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What is art?

David, Khan Academy’s humanities fellow, and May-Li, a designer at Khan Academy, talk about why people make art and how art can be appreciated by anyone.

Want to join the conversation?

  • female robot grace style avatar for user Anna
    I write a lot because I love writing, especially sci fi. And I knit because I love knitting. Sometimes I discover a new way to do something like I did with short rows.

    Are writing and knitting both art?
    (5 votes)
    Default Khan Academy avatar avatar for user
    • starky ultimate style avatar for user Valentin Iseli
      For me art is anything that opens up a new perspective for me. I am a designer. If it makes you think a new thought, it's art. It's subjective. Concluding: yes, both knitting and writing can be art, if it offers you a new perspective. I think it is only art, if it reaches the people otherwise its not art in their eyes.
      (4 votes)
  • blobby green style avatar for user agonzalez0223
    Art is cool and says a lot about an individual or society it effortlessly tries to portray to the audience.
    (2 votes)
    Default Khan Academy avatar avatar for user

Video transcript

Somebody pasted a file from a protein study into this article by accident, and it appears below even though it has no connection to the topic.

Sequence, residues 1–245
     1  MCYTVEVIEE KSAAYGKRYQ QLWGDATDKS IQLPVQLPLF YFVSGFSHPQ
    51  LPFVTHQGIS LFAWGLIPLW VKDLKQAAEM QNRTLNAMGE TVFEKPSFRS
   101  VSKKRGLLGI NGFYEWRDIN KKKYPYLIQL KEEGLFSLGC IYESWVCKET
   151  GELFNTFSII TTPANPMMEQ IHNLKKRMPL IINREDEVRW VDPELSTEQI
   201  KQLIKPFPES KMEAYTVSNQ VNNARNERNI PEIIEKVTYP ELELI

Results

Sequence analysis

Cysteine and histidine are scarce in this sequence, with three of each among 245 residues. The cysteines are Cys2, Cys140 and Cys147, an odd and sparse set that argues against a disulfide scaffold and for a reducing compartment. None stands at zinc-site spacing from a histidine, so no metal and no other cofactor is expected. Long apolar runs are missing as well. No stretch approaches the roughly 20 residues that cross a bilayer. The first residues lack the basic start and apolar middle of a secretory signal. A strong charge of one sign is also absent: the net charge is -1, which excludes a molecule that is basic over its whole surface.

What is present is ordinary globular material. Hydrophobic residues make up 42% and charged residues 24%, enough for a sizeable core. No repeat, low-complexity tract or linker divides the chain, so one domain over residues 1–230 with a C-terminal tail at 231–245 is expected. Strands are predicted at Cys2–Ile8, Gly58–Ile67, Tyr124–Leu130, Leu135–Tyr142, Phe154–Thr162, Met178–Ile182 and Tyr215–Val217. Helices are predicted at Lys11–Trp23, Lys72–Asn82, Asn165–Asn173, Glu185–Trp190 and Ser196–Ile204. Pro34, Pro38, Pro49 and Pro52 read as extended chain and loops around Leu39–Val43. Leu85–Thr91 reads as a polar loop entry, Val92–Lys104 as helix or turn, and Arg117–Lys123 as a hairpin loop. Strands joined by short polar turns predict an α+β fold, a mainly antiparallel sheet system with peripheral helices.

- [David] Hello, Mai-Li. - [Mai-Li] Hi, David. - [David] So, Mai-Li, you are a designer. - [Mai-Li] I am. - [David] And a designer is a kind of artist. - [Mai-Li] I suppose it is. - [David] And that is why I have brought you here with me today, to talk about what art is. - [Mai-Li] Ooh, my goodness, fascinating, okay. - [David] So, okay, so as you see, I have littered the screen with many different varieties of art. So I would like to make the argument, and you tell me if you agree, that anything can be art. - [Mai-Li] Hmm. - [David] That anything that is made in any medium, as long as it expresses something, can be art. But maybe first we should get into definitions. I would say that art fundamentally expresses something. - [Mai-Li] Right, so, what is it that the artist is trying to convey? What is it they might be feeling? Any of those types of things, qualifies as expression. - [David] Feeling, an idea, or even is it just an image? - [Mai-Li] Mm-hmm, yeah, one of the fantastic things about it is that art is something that is participatory, so the viewer's reaction is as much a part of the art as the art itself. - [David] What do you mean by that? - [Mai-Li] So if you look at, for example, the Dorothea Lange photograph, and you have a feeling about it, and you're like, "Wow, look at that mom. "She looks kinda hard-up, maybe a little sad." All of the kind of emotion that you get from looking at it, is part of the experience of the art. - [David] Sure. - [Mai-Li] So the art, one, is sitting there by itself not being experienced by anybody isn't quite the same as it is when there's actually the viewer's participation. That's one of the lovely things about art, is that different people have different reactions, and that's totally okay. - [David] So when I look at a piece of art, you're saying I'm helping to make that art exist? - [Mai-Li] Yeah, I would say so. - [David] That's really cool. So you can see that Mai-Li and I have arranged a bunch of different kinds of art around the screen. And all of these art are produced by the use of different media, which is the plural of medium. But what does that mean in this context, Mai-Li? What is a medium for art? - [Mai-Li] Yeah, I mean, I think that's a great question. One of the ways it could be interpreted is, it is the material that's being used to create the art. It can also be a reference to the context, like where the art lives. For example, is it on the wall? We talk a lot about medium as meaning, like, the digital medium is another kind of medium, like things that exist on screens. - [David] Yeah, I haven't even represented digital art. But I suppose you and I are making digital art right now. - We could say that, yeah. - [David] Video art is definitely a kind of art. - [Mai-Li] For sure. - [David] So for example, over here, this graffiti was done with aerosol spray paint. We've got oil paints represented here, and here. We've got cave painting, which was made from all sorts of naturally-derived pigments. You know, like mud, and ash, and berries and stuff. - [Mai-Li] Yeah. Inventions of new media give rise to new art. And so, for example, the aerosol spray cans that gave rise to graffiti, they didn't exist until somebody invented them. And because somebody invented them, street art and graffiti were able to take hold as an art form. - [David] Now, there are some people that would argue that street art and graffiti are not art. - [Mai-Li] Yeah. You and I are not those people. - [Mai-Li] That's true. - [David] Let's move on. (Mai-Li chuckles) Why do people make art? This a big one. - [Mai-Li] Yeah. There are so many reasons why people could be motivated to make art. I would love the audience who hopefully has an experience making art themselves to ask themselves, why do you make art. - [David] Well, Mai-Li, you're a sound artist and a visual artist. - Mm-hmm. How and why do you make art? Why do you make art? - [Mai-Li] So I love art that poses visual questions. - [David] And I make art because I want to explore ideas. So similar deal. - [Mai-Li] Mm-hmm. - [David] I also think that art is influenced by the culture or cultures that you grow up in. For example, this gentleman here, this Maori guy, like this is part of the culture, to engage in this kind of elaborate facial tattooing. - Yeah. - Right? - Absolutely. - Ta moko. Right, and so culture can also influence the way that art is made. I would argue that Hokusai's print here is emblematic of a very Japanese style, you know. And different cultures can influence different forms and different styles of art. And even different perceptions of what is art. - [Mai-Li] Completely. So, what's fascinating about that is that people from one culture can view the art of a different culture in a totally different light than the people from a third culture might see it. And I think one of the fascinating things about culture, in general, is that it shapes not only our art but our thoughts. And then our thoughts shape our art. - [David] Let us know how this shaped your thoughts. Thanks, Mai-Li. - Thanks, David.